However, the beneficial effects of the bacteria are not yet fully understood. The immunologists in Ruokolainen’s research group are studying the ways the bacteria influence their host, while doctors from the Hospital District of Helsinki and Uusimaa and the National Institute for Health and Welfare are surveying the phenomenon from a perspective of national health.

Extinction is unhealthy

According to the biodiversity hypothesis, epidemics of “new” illnesses have to do with the erosion of biodiversity. “As an increasing number of people live in cities, we begin to lose both access to and contact with nature,” Ruokolainen says.

Humans will be exposed to a limited selection of microbes, leading to a bacterial imbalance which can disrupt the immune system. This means that when there is an extinction event, it will lead to an asthma event among humans.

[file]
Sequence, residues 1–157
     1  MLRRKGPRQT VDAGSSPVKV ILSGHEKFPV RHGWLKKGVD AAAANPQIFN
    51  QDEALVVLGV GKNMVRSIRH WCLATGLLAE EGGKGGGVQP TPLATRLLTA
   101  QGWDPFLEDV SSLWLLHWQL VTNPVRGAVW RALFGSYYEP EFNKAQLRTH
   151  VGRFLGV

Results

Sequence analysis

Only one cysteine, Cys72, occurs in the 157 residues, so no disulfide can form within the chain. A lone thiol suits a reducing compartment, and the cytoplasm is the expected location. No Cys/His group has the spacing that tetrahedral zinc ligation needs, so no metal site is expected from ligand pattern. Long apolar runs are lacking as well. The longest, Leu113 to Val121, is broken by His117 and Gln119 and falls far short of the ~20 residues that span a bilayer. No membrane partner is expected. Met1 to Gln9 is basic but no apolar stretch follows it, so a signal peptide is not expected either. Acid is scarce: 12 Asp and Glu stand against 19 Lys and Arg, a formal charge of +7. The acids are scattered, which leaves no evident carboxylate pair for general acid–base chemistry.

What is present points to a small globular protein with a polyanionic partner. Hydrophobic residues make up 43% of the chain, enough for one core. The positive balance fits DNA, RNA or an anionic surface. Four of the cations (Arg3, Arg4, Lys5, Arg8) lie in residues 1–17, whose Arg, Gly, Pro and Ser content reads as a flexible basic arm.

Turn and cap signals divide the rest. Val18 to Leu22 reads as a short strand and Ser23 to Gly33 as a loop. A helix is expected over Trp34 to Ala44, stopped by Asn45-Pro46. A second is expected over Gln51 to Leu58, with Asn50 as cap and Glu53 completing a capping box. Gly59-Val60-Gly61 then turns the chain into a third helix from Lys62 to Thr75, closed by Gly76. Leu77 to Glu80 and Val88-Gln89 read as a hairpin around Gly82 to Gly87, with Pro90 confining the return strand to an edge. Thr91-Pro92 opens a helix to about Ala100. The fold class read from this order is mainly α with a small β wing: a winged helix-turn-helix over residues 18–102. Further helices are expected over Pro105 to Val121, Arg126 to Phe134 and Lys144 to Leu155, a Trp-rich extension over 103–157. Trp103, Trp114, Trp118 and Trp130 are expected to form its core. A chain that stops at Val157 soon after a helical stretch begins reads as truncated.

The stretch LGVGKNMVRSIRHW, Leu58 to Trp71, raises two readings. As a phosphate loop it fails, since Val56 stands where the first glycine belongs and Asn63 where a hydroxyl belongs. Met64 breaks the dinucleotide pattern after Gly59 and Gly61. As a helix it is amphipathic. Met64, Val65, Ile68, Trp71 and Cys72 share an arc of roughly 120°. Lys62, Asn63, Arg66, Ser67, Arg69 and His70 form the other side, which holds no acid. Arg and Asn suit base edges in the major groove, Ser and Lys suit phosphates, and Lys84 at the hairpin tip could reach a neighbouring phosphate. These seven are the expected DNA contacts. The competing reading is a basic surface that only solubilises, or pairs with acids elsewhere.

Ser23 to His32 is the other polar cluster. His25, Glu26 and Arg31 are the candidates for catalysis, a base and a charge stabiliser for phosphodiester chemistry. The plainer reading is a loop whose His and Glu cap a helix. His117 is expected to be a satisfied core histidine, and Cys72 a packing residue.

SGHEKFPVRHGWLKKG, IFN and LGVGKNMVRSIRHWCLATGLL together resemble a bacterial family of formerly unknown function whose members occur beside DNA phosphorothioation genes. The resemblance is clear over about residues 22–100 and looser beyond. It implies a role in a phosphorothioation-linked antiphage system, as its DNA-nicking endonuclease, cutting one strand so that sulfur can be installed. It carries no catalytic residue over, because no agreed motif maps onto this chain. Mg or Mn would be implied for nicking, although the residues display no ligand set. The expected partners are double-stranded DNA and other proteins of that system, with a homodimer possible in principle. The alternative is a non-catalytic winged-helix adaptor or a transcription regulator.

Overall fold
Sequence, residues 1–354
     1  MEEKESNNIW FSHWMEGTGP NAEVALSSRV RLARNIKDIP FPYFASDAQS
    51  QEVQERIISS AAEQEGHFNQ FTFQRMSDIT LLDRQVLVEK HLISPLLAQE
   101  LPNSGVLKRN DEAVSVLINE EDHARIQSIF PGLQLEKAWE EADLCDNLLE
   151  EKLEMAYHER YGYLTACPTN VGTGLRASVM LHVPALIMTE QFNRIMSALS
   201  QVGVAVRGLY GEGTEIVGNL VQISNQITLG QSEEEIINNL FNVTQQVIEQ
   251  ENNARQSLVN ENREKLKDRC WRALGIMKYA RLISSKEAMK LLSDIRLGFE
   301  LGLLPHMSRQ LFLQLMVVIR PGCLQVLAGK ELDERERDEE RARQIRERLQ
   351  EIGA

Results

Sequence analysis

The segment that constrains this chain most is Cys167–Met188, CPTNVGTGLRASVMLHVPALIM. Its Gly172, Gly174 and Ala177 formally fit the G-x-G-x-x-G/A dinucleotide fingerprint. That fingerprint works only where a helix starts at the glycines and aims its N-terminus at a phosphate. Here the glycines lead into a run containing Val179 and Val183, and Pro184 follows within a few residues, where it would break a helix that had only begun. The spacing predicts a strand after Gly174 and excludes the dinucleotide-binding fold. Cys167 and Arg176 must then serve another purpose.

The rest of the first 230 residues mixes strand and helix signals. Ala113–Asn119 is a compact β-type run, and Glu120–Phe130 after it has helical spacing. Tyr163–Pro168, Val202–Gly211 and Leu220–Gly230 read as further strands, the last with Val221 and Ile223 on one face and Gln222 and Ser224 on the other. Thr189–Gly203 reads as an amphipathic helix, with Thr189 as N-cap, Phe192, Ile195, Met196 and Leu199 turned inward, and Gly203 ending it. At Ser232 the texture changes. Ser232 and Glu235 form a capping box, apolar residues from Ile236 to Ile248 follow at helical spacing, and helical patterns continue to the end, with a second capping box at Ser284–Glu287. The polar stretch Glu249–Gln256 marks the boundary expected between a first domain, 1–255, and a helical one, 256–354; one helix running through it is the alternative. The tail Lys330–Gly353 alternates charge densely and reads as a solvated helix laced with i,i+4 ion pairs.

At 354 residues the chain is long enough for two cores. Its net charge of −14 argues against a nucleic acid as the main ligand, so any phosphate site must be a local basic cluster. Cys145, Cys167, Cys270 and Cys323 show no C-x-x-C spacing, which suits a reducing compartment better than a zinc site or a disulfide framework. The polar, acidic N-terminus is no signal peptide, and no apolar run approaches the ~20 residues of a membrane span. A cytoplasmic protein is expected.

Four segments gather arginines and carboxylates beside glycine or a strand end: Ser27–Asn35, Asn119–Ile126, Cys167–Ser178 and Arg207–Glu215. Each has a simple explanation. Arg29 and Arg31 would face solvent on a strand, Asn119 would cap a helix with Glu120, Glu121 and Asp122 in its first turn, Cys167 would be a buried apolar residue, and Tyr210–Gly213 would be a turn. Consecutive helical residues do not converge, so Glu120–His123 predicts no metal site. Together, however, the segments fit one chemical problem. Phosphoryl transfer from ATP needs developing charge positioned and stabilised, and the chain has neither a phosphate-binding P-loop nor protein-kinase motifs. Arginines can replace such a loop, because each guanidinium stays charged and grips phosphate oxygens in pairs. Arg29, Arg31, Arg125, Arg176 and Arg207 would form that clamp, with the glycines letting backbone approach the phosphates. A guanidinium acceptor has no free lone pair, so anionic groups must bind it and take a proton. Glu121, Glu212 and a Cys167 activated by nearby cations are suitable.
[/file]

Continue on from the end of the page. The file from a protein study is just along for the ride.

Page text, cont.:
The creation of the body’s microbial networks begins in utero, based on the bacteria the expectant mother is exposed to. “But it is difficult to determine how important a particular stage of life is, as we are yet to complete comprehensive monitoring studies.”

We have many questions. Is it crucial to be exposed to nature at a particular age? And how much contact with nature is necessary? 

This article was published in Finnish in the Y/06/17 issue of Yliopisto magazine.

Get your hands dirty

Researchers are currently trying to improve the immune systems of children in kindergarten – and it seems that they have literally unearthed a solution.

 “We’ve brought dry peat, transferable lawn, planting boxes and peat blocks for activities to the yards of the participating kindergartens in Lahti, Tampere and now Espoo,” describes post-doctoral researcher Riikka Puhakka from the ADELE (Autoimmune Defence and Living Environment) project which studies the impact of the environment on health.